First Step to Crossfit
First Step to Crossfit
Crossfit is EVERYWHERE these daysYou can watch the Crossfit Games on ESPN. Watch commercials, motivational & tutorials on You Tube. It has a huge presence online. As a matter of fact people working out in gyms have yet to get familiar with Crossfit. Believe me, to do Crossfit one needs to be crazy about fitness, physically as well as mentally
You might be wondering, "Hey Canute! What the hell is Crossfit, and is it for me?"It goes back in 2012 when Reebok had introduced Crossfit in India. Since 2012, we have had many Indian Crossfit Athletes who have done remarkable job. But has it penetrated the Indian hearts? I'm just making an attempt to voice out that Crossfit is something everybody should do, can do or shall at least make an attempt to do it.
What the Hell is Crossfit?
Crossfit is advertised, in four words, as "The Sport of Fitness"
The Crossfit prescription is performing “functional movements that are constantly varied at high intensity.” Crossfit is a core strength and conditioning program. The Crossfit program is designed to elicit as broad an adaptation response as possible. Crossfit is not a specialized fitness program but a deliberate attempt to optimize physical competence in each of ten recognized fitness domains. They are as follows:
- Cardiovascular and Respiratory Endurance
Crossfit is a training program that builds strength and conditioning through extremely varied and challenging workouts. Each day the workout will challenge your functional strength or conditioning by focusing on a goal of building a body that’s capable of practically anything and everything.
Crossfit is extremely different from a commercial gym.
Who is Crossfit for?
According to the Crossfit site, this program “is designed for universal scalability making it the perfect application for any committed individual regardless of experience.
Everyone to be honest. I know that sounds crazy but it’s true. Parents, college students, adults, teenagers, youth, many professional and elite athletes are all participating in the Crossfit Program. Prize- fighters, cyclists, surfers, skiers, tennis players, tri-athletes and others competing at the highest levels are using the Crossfit approach to advance their core strength and conditioning, but that’s not all. Crossfit has tested its methods on the sedentary, the youth, overweight, pathological, and elderly and found that these special populations met the same success as our stable of athletes. We call this bracketing or scaling. If our program works for Olympic Skiers, the overweight, and sedentary homemakers, then it will work for you.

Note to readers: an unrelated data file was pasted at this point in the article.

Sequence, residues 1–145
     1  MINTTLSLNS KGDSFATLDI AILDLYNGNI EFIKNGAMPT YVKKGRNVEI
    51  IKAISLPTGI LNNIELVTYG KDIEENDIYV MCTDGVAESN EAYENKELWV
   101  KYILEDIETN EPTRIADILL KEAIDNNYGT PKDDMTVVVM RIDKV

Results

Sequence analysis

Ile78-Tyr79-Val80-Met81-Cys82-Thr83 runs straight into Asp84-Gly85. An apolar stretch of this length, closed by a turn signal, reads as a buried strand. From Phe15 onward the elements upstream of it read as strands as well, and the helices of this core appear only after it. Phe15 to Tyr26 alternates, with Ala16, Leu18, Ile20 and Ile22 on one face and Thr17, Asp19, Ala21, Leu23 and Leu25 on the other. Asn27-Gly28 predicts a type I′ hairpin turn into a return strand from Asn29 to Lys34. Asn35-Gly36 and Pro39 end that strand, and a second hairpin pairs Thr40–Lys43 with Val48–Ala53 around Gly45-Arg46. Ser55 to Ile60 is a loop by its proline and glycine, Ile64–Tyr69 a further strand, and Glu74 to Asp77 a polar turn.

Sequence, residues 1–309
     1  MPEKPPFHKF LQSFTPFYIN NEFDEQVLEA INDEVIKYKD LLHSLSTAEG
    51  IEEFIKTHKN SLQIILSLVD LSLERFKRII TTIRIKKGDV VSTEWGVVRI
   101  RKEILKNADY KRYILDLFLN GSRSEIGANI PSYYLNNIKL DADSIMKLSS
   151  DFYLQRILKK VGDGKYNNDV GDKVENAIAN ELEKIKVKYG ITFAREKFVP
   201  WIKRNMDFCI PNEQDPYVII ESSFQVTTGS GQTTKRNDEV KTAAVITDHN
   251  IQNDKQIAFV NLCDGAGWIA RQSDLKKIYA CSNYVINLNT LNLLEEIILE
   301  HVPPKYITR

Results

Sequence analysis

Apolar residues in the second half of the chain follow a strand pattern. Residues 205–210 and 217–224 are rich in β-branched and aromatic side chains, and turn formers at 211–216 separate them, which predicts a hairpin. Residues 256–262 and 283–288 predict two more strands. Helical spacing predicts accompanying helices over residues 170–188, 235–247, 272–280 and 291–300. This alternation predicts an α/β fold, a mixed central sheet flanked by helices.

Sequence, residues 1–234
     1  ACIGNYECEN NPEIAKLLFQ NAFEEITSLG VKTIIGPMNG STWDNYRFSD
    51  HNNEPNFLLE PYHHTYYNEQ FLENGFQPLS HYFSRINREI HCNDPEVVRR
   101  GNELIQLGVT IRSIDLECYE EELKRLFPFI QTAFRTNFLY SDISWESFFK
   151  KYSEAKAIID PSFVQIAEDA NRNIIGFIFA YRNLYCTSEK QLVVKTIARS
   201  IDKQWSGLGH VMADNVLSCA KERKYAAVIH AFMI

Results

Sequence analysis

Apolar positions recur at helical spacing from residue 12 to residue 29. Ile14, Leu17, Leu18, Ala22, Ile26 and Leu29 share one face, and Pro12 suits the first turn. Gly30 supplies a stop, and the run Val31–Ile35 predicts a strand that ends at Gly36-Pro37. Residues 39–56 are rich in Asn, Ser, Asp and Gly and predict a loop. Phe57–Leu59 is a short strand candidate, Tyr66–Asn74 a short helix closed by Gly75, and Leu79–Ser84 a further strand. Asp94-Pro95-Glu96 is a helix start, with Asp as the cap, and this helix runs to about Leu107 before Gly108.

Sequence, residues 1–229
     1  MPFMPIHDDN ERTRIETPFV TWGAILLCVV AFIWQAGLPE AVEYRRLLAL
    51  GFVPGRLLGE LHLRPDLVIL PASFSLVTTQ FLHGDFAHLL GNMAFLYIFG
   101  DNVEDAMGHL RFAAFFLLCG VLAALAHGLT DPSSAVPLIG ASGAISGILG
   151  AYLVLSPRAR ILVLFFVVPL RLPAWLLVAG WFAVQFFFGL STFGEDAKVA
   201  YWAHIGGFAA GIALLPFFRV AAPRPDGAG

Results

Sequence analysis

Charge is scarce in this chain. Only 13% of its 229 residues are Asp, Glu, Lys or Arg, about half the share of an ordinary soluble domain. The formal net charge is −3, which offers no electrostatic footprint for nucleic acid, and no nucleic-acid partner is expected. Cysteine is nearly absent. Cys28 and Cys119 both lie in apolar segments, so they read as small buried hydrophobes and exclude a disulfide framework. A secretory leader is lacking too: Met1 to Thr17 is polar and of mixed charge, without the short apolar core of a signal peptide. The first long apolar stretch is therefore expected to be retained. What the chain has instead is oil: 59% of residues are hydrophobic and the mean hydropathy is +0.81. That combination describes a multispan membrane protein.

• Beginners to weight training – If you have NEVER weight trained before, Crossfit is a great place for you to start. You’ll learn how to do all of the important lifts in a super supportive and non-judgmental environment.
• Fitness fanatics – The way Crossfit is structured, you are working out with regular consistency. The general protocol for beginners is 3 days on, 1 day off. Once the body gets used to the workout, one can go in for 5 days and a day off.
• Masochists – This means that you’ll often be in situations where you are using 100% of your effort to finish a workout, exhausting yourself, and forcing yourself through incredible amounts of pain.
Although Crossfit can be for everybody, it certainly ISN’T for everybody.There are a few people for whom I don’t think Crossfit would be as beneficial, but this doesn’t mean they won’t enjoy it: